Sam, Here are a few things I took into consideration when working on a
My application had a client (the viewer) and a vision system (robot,
When we plugged in the hardware for doing the vision to a Windows XP
computer, it just worked. Getting it to work on Linux was tricky.
Running the Windows OS with the desktop GUI on the hardware doing the
vision was a bummer.
After we finally worked through the hassle of getting the hardware
working on Linux things went very smooth. In other words, the problem
was getting a driver. Once the driver worked everything went
We were able to tweak the drivers on Linux to get two hardware devices
working at once. In Windows, the driver was easy to get going initially
but we could not customize it at all and therefore limited to one
hardware device at a time (hardcoded into the driver I guess).
We were able to strip all of the unnecessary drivers and applications
(including the desktop, graphical environment) off of the os for the
"robot" so that we could get by with a very modest computer. While
we're not doing this now, we could easily port our entire application
(including the OS) to a 64 - 128MB flash disk. Smaller is possible, but
we need a good bit of temporary disk space.
When it came to writting the graphical client software which ran on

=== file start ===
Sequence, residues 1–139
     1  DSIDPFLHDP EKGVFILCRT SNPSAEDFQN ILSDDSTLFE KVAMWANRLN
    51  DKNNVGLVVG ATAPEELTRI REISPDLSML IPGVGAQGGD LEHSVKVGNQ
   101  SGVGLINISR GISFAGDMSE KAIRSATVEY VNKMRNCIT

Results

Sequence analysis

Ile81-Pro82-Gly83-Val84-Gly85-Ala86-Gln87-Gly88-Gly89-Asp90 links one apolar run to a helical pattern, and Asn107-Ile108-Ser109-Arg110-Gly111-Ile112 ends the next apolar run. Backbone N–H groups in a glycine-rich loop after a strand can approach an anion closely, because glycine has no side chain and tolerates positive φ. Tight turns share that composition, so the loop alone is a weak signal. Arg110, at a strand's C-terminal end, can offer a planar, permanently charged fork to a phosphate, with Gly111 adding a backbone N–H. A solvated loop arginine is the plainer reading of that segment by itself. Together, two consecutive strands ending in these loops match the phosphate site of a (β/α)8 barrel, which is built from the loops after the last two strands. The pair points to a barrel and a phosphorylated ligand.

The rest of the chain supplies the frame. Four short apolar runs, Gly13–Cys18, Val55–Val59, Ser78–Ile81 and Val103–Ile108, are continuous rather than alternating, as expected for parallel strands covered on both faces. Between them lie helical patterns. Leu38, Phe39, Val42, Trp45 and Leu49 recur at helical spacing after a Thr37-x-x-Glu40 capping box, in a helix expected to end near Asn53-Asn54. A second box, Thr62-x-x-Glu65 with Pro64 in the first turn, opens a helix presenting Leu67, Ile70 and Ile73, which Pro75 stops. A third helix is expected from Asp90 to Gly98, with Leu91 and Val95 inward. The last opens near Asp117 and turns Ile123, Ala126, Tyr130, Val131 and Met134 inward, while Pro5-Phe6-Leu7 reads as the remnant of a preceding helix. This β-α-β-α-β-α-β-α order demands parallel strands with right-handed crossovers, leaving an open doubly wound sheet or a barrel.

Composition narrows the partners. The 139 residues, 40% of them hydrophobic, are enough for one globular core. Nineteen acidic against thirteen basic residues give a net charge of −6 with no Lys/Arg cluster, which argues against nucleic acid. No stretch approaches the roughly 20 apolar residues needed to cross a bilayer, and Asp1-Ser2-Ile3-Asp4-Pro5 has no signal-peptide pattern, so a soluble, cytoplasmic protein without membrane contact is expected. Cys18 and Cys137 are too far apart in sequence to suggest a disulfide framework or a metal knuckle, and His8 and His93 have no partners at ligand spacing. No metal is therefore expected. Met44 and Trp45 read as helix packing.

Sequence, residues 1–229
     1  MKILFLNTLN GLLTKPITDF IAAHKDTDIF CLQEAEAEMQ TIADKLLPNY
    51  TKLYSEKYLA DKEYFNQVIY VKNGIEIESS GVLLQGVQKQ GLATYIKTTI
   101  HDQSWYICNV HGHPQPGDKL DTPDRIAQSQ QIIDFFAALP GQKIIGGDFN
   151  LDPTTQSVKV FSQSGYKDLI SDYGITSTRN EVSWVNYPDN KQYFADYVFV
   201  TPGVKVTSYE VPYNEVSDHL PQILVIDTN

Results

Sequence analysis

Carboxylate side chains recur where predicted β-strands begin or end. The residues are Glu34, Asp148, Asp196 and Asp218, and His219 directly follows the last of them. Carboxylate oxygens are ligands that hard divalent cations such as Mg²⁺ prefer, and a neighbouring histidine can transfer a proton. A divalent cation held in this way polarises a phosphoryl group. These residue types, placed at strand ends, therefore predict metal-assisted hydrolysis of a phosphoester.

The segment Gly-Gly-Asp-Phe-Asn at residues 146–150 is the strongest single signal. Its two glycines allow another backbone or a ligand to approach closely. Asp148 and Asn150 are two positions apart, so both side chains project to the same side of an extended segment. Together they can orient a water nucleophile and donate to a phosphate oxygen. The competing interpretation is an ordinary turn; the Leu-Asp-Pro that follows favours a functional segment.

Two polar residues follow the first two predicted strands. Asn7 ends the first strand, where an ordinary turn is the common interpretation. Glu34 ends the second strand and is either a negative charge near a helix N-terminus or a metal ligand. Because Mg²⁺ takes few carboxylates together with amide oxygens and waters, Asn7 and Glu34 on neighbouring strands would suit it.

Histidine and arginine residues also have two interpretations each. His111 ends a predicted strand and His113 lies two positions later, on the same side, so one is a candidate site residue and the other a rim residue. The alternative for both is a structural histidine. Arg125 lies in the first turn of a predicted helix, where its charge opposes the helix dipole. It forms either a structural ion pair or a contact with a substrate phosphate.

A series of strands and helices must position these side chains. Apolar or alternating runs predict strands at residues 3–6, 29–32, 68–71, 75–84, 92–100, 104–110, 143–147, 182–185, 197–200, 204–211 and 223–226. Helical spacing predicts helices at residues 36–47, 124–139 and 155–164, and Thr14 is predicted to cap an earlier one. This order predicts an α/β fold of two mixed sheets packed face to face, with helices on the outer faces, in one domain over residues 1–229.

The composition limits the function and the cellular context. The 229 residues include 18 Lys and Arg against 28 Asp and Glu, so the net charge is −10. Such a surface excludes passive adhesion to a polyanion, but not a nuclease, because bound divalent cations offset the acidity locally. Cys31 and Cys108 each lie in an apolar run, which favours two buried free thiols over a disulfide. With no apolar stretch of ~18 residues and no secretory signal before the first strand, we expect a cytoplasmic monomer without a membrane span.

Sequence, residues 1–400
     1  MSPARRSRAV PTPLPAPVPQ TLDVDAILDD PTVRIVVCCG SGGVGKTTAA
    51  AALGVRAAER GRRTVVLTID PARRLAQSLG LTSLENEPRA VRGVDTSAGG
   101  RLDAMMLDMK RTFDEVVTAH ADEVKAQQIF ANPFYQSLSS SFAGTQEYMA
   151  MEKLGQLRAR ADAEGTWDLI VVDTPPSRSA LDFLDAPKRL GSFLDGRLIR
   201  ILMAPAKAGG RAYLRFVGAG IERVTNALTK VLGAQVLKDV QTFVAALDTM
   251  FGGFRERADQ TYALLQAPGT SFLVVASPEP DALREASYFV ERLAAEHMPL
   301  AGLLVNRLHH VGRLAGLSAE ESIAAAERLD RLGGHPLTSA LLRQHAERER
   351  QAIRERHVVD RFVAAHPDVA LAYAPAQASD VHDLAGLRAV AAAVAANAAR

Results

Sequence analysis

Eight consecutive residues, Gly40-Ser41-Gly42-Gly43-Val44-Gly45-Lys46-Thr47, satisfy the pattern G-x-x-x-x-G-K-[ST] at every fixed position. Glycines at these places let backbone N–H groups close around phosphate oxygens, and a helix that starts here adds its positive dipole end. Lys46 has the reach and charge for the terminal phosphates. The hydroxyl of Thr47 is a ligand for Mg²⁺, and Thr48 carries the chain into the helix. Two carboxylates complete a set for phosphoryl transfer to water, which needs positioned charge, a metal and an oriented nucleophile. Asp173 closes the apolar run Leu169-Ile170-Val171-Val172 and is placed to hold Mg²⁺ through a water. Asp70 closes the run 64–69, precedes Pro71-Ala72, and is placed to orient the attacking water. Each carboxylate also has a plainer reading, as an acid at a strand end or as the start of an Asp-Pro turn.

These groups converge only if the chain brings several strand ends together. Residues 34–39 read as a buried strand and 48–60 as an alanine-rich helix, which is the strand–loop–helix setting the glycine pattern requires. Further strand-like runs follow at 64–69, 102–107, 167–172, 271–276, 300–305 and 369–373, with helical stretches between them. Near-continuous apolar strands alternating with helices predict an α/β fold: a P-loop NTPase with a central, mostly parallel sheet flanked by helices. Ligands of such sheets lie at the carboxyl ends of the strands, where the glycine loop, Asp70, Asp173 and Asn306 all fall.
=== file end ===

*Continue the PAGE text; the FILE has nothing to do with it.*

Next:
another computer we used Windows and benefitted from the RAD toolkit of
the .Net platform. Specifically, we used the open source and freely
available RAD tool SharpDevelop (#develop) found at
Really it all depends on what you're doing. We are not C coders nor are
we kernal hackers. However using the source code as an example and some
trial and error we were able to customize the immature drivers in order
to meet our needs. We were also able to scale down the OS so that we
had a very lean running system. Its kind of like having the low
resource requirements of MS DOS, but having a modern OS, including
development tools and a lot of drivers.
I am a big fan of both Windows XP and Linux. I use each when
appropriate. After this experience, I feel that for a robot you can get
a lot more bang for your hardware bucks using Linux rather than
Windows. I have enough licenses for Windows from the various computers
I've owned (some running Linux now) that the cost for the OS is not an